Wetin na yu nem? Last week, I traveled to Sierra Leone and Liberia in west Africa with a non-profit group called Living Water International. Beyond the many poignant interactions, the hopefulness among such great physical need, and daily dirt-road adventures, the trip opened my eyes to the connectedness between the places where I travel for Southern Living and the villages that welcomed me in Africa, especially in how we speak. By the way, earlier, I asked you your name. Wetin na yu nem?
I spend a lot of time in Louisiana. And I love, love, love the Lowcountry of South Carolina. This is new territory for me, a boy raised in Georgia, educated in Tennessee, and now residing in Alabama. Louisiana may be "Southern," but it’s more "Louisiana" than anything. And, the Lowcountry is such singular landscape; they say Charlestonians never leave.
I’ve begun to learn about the meshing of cultures in Louisiana especially, how New Orleans and the Mississippi River served a long time ago as an entry and assimilation point for Southerners, Europeans, French Canadians, Caribbeans, and Africans. This nexus, though certainly full of its share of harsh realities, was, and is, one of the most beautiful mysteries of human interactions our history holds. I love to remember that Jazz came to life here.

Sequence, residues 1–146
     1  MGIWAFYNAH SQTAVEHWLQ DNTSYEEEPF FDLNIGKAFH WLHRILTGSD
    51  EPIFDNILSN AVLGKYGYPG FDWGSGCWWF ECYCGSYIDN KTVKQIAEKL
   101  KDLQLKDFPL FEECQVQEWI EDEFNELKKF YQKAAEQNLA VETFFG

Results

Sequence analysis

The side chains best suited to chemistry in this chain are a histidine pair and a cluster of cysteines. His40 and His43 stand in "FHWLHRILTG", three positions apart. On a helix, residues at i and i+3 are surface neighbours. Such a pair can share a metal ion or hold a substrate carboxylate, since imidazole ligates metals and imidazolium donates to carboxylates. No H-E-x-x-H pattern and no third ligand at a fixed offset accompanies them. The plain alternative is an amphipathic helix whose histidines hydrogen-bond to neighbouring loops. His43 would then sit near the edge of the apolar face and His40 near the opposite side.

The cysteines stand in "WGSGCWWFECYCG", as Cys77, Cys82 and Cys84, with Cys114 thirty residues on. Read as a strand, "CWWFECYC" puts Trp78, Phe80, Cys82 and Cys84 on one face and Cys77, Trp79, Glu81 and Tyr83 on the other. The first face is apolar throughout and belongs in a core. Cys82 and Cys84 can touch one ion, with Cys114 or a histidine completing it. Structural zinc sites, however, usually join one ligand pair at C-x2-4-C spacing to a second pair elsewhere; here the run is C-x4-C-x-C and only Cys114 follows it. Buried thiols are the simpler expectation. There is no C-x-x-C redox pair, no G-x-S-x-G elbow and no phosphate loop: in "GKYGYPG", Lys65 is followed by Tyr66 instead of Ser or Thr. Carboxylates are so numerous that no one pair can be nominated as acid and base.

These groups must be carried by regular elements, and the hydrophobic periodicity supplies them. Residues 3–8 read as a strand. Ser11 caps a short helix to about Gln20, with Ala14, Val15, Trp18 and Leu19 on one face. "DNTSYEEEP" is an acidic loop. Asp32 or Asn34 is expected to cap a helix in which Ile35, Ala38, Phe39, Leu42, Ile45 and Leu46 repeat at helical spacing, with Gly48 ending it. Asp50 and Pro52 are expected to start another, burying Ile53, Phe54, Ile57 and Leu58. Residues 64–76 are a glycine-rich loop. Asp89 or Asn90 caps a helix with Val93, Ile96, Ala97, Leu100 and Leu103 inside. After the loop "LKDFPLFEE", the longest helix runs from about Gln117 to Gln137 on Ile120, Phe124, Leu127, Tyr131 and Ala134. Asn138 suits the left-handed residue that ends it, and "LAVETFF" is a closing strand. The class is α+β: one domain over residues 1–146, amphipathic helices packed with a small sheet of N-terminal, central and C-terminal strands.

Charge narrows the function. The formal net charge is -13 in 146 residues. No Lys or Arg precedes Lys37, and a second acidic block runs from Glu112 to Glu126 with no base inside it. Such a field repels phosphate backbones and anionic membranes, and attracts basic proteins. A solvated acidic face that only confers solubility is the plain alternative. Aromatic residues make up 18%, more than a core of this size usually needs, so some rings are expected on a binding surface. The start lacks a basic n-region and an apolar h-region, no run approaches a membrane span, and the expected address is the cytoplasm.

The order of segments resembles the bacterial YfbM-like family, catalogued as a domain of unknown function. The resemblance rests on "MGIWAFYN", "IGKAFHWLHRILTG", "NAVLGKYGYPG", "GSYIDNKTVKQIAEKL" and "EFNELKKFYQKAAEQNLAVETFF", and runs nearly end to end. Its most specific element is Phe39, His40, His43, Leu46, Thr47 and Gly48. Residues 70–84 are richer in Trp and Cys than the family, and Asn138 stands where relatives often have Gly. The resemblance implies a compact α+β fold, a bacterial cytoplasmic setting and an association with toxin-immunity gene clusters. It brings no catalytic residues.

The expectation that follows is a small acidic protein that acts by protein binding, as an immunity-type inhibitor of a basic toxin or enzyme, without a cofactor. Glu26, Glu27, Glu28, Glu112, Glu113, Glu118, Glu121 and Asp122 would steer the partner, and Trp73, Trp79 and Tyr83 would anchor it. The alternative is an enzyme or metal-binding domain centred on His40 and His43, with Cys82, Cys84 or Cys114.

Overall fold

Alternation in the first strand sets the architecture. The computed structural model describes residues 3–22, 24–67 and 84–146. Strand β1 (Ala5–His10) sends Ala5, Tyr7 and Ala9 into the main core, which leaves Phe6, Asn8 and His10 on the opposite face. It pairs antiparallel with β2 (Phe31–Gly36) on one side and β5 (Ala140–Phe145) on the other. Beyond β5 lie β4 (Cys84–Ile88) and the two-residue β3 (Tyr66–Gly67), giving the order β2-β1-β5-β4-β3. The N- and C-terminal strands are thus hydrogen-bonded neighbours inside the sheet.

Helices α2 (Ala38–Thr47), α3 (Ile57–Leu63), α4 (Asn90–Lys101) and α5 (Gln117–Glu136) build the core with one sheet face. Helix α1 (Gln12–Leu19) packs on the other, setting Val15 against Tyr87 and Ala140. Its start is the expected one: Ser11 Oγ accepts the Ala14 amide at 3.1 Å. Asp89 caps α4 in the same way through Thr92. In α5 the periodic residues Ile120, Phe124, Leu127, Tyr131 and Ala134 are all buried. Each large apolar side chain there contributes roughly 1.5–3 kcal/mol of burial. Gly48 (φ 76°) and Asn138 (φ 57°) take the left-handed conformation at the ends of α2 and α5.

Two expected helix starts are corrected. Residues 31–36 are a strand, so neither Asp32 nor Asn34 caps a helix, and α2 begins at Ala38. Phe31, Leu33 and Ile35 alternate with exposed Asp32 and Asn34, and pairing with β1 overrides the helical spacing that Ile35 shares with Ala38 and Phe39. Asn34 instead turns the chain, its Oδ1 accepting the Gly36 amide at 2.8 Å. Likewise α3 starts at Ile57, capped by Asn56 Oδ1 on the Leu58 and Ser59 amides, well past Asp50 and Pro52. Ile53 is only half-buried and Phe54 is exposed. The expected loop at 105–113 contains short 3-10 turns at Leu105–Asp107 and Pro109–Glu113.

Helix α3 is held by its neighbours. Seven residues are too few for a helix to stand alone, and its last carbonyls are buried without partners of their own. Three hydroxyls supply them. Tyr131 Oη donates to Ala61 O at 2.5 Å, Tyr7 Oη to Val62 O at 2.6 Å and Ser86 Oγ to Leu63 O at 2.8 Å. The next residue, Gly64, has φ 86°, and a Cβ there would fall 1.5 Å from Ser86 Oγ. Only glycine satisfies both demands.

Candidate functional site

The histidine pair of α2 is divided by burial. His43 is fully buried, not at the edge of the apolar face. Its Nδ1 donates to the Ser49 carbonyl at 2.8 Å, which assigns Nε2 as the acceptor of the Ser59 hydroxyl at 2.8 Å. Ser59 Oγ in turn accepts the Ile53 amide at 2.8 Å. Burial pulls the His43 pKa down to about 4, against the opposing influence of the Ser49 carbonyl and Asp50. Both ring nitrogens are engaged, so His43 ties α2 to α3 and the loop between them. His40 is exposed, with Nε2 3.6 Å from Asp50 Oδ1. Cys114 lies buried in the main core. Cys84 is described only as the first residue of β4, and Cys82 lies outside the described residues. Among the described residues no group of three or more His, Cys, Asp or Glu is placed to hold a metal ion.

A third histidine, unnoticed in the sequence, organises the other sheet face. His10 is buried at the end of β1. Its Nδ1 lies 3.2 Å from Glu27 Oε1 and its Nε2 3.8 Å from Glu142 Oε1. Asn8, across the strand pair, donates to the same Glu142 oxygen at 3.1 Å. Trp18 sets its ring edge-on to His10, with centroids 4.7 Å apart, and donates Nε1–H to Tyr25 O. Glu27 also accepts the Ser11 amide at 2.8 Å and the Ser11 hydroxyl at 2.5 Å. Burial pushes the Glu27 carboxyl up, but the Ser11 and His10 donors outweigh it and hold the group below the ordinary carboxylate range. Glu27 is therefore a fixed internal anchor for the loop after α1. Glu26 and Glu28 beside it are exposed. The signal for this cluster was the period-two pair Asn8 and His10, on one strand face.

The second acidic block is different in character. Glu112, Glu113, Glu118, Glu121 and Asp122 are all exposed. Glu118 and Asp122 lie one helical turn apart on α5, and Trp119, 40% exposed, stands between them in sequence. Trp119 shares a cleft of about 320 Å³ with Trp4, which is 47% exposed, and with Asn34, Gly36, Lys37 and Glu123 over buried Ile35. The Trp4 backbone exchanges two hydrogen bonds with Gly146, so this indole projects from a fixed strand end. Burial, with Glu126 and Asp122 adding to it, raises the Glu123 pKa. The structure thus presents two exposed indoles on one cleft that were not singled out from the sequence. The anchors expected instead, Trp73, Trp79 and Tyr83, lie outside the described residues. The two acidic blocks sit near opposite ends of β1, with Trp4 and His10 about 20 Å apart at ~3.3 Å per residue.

Another growth in the South, and other places where cultures mix, is pidgin language, the linguistics born from several spoken traditions. "Creole" is another word that can stand in. But in Sierra Leone, the term is "Krio," a blend of tribal dialects and the romance languages. Imagine my surprise to hear someone ask me, each morning as I stepped into the village, "Ow di body?" (This translates to "How is the body?" meaning "How are you?")
The history of pidgin languages in west Africa centers on the Atlantic slave trade and the resettlement of freed slaves from America into modern-day Liberia in the late 18th century. Essentially, Krio is a merchant language, a form of portspeak, if you will. And, if you’ve ever traveled on the sea island coast of South Carolina, you’ve heard American remnants of pidgin, especially on Daufuskie ("the first key") Island, the home of the Gullah Geechee. "Gullah" is a form of creole, or West African Pidgin English, and sounds much the same as my friends in Calabatown, Sierra Leone.
I am no expert on these subjects, the formation of language, the blending of peoples. Scholars write books about such things. What I do know though is how it feels to travel 26 hours, land in a lush and war-torn country, and to meet people whom you feel connected to immediately, by history and by place. It feels like reunion.
First photograph by Loren Brock, Liberia. Second and third images by Robin Weekley.
To learn more about Living Water International’s fresh water well projects in west Africa and 25 other countries, visit their website.